Six Ways to Manage Your Money in Retirement

To help you better manage your finances during this time of decreased earnings, we offer the following pearls of wisdom:

Take care of your body — Health care is one of the largest expenses in Americans’ retirement years.

According to the Fidelity Retiree Health Care Cost Estimator, an average retired couple age 65 in 2022 may need approximately $315,000 saved (after tax) to cover health care expenses in retirement.

Get a handle on spending. To assist your budgeting, you don’t have to do everything on paper anymore. There are a number of handy tech tools that can help you keep spending under control. A few examples of good household budgeting mobile apps or software packages include, and

Plan for long-term care needs — Medicare does not cover long-term care, including adult day care, assisted living or nursing home/custodial care.

The average annual cost of a semi-private room in a skilled nursing facility is $7,908 per month, according to the “Genworth 2021 Cost of Care study.” That’s $94,896 per year.

The need for long-term care for either spouse can potentially completely consume a pension or 401(k) incomes, and can wipe out everything you hoped to leave to your heirs. Consider having at least some amount of long-term care insurance coverage to protect yourself and your family from these potentially devastating expenses. There are other alternatives to traditional long term care insurance to help mitigate this issue.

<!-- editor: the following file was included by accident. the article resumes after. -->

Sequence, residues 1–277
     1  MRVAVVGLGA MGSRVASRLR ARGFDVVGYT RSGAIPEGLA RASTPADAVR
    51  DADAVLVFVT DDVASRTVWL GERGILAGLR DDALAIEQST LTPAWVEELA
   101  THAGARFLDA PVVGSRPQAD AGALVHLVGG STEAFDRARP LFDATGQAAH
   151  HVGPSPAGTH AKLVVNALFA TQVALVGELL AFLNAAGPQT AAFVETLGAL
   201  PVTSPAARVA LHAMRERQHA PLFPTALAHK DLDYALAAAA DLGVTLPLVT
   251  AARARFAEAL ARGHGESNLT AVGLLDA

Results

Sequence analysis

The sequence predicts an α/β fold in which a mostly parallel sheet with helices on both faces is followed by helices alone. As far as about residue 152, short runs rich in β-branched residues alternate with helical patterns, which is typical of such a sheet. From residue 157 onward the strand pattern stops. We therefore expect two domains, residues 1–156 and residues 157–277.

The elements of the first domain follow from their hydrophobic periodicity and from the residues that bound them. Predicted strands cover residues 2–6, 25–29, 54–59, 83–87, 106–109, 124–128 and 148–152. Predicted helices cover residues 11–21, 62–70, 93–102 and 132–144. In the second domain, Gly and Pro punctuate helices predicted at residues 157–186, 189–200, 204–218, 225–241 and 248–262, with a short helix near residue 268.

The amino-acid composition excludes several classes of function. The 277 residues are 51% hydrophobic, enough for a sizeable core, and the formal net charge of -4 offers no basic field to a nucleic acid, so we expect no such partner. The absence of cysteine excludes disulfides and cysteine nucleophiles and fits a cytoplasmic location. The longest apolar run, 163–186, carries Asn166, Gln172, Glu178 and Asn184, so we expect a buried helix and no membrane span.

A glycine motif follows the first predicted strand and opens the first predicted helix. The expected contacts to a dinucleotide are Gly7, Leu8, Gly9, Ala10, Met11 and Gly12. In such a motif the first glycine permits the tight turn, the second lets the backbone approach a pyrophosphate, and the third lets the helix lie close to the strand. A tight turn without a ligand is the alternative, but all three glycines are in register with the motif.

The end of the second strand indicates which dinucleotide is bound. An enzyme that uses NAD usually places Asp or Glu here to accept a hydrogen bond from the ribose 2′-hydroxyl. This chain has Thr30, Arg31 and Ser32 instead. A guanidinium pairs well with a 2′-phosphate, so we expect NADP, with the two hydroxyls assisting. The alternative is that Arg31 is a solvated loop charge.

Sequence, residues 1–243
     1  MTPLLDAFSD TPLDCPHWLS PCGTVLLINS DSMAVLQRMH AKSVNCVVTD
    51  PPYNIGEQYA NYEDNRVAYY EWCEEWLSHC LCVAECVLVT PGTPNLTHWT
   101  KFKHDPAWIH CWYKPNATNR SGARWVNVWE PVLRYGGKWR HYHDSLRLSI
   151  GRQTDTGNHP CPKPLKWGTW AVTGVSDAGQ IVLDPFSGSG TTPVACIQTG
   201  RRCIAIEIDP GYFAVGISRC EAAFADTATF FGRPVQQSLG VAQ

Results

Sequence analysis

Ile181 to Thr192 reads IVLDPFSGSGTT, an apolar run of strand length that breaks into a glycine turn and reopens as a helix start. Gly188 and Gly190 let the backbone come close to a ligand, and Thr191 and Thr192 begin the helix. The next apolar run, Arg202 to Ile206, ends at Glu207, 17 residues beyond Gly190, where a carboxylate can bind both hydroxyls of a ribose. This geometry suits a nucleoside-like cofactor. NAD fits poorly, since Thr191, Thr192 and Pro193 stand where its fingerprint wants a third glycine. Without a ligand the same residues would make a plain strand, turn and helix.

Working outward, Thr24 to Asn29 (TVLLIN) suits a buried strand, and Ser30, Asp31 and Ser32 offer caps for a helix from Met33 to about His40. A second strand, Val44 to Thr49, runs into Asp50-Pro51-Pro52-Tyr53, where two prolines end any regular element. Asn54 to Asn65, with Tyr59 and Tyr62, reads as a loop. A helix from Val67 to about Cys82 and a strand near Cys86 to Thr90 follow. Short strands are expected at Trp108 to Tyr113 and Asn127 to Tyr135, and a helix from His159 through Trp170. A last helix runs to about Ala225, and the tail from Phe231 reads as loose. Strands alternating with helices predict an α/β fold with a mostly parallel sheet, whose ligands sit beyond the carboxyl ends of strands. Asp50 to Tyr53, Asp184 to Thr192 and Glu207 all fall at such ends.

See a financial advisor — It’s a good idea to spend time with a qualified financial adviser at least once per year.

We can help you review market conditions and make investment decisions based on rational considerations, not emotional ones. We can also help you stay on track with your retirement strategy, and help you avoid common tax or investment pitfalls that may hinder your long-term financial prosperity.

Diversify — It’s important for retirees to keep their investments spread out among a variety of asset types.

You should have an exposure to both guaranteed and non-guaranteed investment products.

Take your RMDs — If you have assets in tax-deferred retirement accounts, you probably have required minimum distributions (RMDs) you must take. 

Generally, you must begin taking RMDs (and realizing taxable income) by April 1 of the year after the year in which you turn age 73 under the Secure 2.0 Act passed in 2022. You must take your RMDs by the end of the calendar year for every year after that. 

We can help you determine the minimum amount you must withdraw.

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